Wisconsin Natural Resources magazine

Wisconsin Natural Resources magazine

Photo of man and boy hunters with turkey © DNR Files

Make the time to introduce someone to a new outdoor experience.
© DNR File Photo

April 2011

Savor the hunt and share the experience

A spring turkey hunt is even more exciting when seen through the eyes of a new hunter.

Jordan Marsh

We remember when something good happens whether it occurred years ago or relatively recently. We also remember the people who make time to introduce us to those great experiences.

To encourage more of those special occasions, the Wisconsin Department of Natural Resources annually sets aside designated weekends for free camping, fishing and several special hunts to introduce girls, boys and inexperienced adults to new outdoor activities. Last April I was pleased to again act as a mentor during such a youth turkey season. Anyone age 10-15 can participate in these spring hunts as long as they have a valid turkey license, a turkey stamp and are accompanied by a mentor at least 18 years old. Here at Marsh Outdoors, we annually gather a small group of mentors to accompany youth, teach by example about hunting ethics, share hunting techniques and skills, find a quality place to practice those skills, and try our luck hunting.

That spring, I introduced Brett Tyler to turkey hunting. We started by taking Brett to a shooting range to practice handling a shotgun safely. We also wanted to help him pattern the gun he was going to be using so he would have a sense of how many pellets would likely hit his target at a given distance. Range time gives new hunters of all ages a chance to get used to handling guns, allows time to practice aiming and firing a firearm, and gives them the confidence they will need to feel comfortable when the turkey is in front of them.

After our range time, Brett and I headed out to some local farms to do some scouting and judge where we would want to be sitting the following morning. We put on several miles looking for the elusive turkeys that seemed to be hanging tight in the woods. As we pulled onto a farmstead, I talked with Brett about the importance of asking for permission before entering any private property. We introduced ourselves to the farmer with a firm handshake and kept good eye-to-eye contact while explaining what we were after. The farmer graciously granted us permission to hunt in hopes that he could also give this youngster a chance to harvest his first turkey. Brett and I talked over where we'd like to try our luck the next morning. We walked the field and woods in the area. Then we shared our plan with the landowner so we'd know where to park our vehicle and alert him to which part of the property we'd like to hunt. We headed home after the turkeys had gone back into the woods. We had high hopes that the morning would bring good results.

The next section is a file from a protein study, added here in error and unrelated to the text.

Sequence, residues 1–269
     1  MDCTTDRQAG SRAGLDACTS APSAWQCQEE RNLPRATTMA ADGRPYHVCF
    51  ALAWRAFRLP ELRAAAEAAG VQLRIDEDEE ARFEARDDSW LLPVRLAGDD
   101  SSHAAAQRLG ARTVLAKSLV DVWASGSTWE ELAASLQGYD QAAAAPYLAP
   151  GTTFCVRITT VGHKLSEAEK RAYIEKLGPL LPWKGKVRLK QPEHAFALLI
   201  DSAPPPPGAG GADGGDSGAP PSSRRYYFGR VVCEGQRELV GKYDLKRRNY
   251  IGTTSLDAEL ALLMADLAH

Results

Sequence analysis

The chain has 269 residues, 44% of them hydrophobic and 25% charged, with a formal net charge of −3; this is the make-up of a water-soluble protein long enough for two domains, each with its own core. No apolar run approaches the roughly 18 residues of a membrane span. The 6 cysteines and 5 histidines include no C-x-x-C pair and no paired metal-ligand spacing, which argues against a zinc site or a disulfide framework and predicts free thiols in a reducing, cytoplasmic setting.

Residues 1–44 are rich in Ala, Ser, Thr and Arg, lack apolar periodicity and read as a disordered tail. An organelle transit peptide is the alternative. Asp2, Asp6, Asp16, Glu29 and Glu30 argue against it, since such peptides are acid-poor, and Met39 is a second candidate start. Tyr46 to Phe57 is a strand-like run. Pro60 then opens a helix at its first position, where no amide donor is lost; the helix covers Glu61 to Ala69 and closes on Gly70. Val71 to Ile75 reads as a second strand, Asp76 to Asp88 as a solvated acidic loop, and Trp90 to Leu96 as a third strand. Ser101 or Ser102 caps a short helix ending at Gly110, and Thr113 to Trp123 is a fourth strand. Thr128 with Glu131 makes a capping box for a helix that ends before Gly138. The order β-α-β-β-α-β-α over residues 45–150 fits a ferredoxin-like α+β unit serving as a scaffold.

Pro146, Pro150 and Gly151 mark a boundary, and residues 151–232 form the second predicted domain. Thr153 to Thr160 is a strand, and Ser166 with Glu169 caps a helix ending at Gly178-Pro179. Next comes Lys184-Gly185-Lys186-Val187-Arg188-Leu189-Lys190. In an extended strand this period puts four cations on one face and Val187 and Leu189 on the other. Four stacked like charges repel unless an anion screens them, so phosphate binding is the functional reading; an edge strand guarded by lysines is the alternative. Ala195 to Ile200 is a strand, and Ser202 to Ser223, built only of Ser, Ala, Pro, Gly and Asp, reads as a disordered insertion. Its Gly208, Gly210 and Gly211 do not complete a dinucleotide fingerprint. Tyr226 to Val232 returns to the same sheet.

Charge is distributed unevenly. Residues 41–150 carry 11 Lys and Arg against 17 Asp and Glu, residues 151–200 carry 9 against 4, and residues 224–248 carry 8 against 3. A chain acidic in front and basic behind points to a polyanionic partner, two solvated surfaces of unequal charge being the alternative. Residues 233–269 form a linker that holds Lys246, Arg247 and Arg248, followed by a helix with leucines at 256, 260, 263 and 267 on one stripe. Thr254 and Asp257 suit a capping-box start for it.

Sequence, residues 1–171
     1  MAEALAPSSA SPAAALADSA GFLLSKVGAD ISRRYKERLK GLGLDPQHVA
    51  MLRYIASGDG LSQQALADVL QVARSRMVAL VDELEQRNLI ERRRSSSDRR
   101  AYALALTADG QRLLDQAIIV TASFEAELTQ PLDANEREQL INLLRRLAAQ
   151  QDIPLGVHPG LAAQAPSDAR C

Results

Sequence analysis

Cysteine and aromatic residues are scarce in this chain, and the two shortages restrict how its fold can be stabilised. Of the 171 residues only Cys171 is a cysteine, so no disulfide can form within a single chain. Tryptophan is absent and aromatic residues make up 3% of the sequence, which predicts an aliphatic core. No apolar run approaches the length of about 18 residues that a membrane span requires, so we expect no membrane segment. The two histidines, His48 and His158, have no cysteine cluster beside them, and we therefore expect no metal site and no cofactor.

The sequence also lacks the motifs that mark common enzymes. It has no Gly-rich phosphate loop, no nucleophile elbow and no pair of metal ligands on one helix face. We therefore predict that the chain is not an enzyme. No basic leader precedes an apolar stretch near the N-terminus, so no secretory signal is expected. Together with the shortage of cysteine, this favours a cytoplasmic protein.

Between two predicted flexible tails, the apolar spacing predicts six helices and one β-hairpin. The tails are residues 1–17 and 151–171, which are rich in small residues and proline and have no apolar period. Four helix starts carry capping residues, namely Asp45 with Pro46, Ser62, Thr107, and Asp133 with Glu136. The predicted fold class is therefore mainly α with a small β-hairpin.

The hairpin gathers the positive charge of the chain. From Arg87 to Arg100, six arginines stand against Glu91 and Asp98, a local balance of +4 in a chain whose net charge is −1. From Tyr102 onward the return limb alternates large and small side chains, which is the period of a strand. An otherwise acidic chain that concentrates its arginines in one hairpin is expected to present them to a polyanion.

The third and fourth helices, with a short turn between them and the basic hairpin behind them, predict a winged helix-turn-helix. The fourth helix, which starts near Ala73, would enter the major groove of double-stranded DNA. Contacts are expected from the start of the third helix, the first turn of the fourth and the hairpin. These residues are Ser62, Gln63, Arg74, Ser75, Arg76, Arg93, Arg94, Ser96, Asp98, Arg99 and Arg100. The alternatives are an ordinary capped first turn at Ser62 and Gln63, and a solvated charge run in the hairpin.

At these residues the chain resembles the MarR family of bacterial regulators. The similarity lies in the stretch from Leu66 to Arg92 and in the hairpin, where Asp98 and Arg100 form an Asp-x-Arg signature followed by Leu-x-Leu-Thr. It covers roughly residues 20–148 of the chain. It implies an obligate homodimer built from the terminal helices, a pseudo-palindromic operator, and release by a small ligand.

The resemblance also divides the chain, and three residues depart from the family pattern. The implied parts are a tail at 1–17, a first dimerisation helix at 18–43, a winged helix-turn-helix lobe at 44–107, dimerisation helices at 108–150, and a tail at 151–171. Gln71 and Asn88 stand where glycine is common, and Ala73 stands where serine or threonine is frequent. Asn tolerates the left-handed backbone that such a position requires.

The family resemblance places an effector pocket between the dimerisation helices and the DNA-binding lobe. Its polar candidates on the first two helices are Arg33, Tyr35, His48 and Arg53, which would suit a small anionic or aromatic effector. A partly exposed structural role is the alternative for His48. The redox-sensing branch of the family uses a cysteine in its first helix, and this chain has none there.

I picked up Brett the next morning before dawn at 4:30 a.m. He was bright-eyed, dressed and ready to go. You could sense the excitement in his eyes as we anticipated setting up for the hunt and sitting in the woods to watch the world wake up. We drove about 10 minutes to the farm just northwest of Rice Lake, parked the truck and prepared for the short walk to our spot. We headed into the woods at 4:50 a.m. It was still pitch black. We knew where turkeys were roosting and wanted to get as close as possible without spooking them from their trees. The darkness and a very windy morning made it possible to sneak close to the birds. The whistling wind covered up any minor noises we were making. We sat down after picking two solid trees to sit against, and then waited for the first morning gobble and sunrise from the east. Legal shooting hours started at 5:59 a.m., so we were plenty early and ready. We waited.

All of a sudden the big ol' toms decided to wake up and let out an early morning earth-shaking gobble! Both Brett and I heard it about 75 yards behind us, a little farther back in the woods than I had anticipated. We had set up on the very edge of the woods and the field line, the exact location where we had seen the turkeys the night before. Gobbles continued furiously behind us as all three toms thundered in the crisp morning air. Then I looked up and whispered to Brett, "Don't move an inch."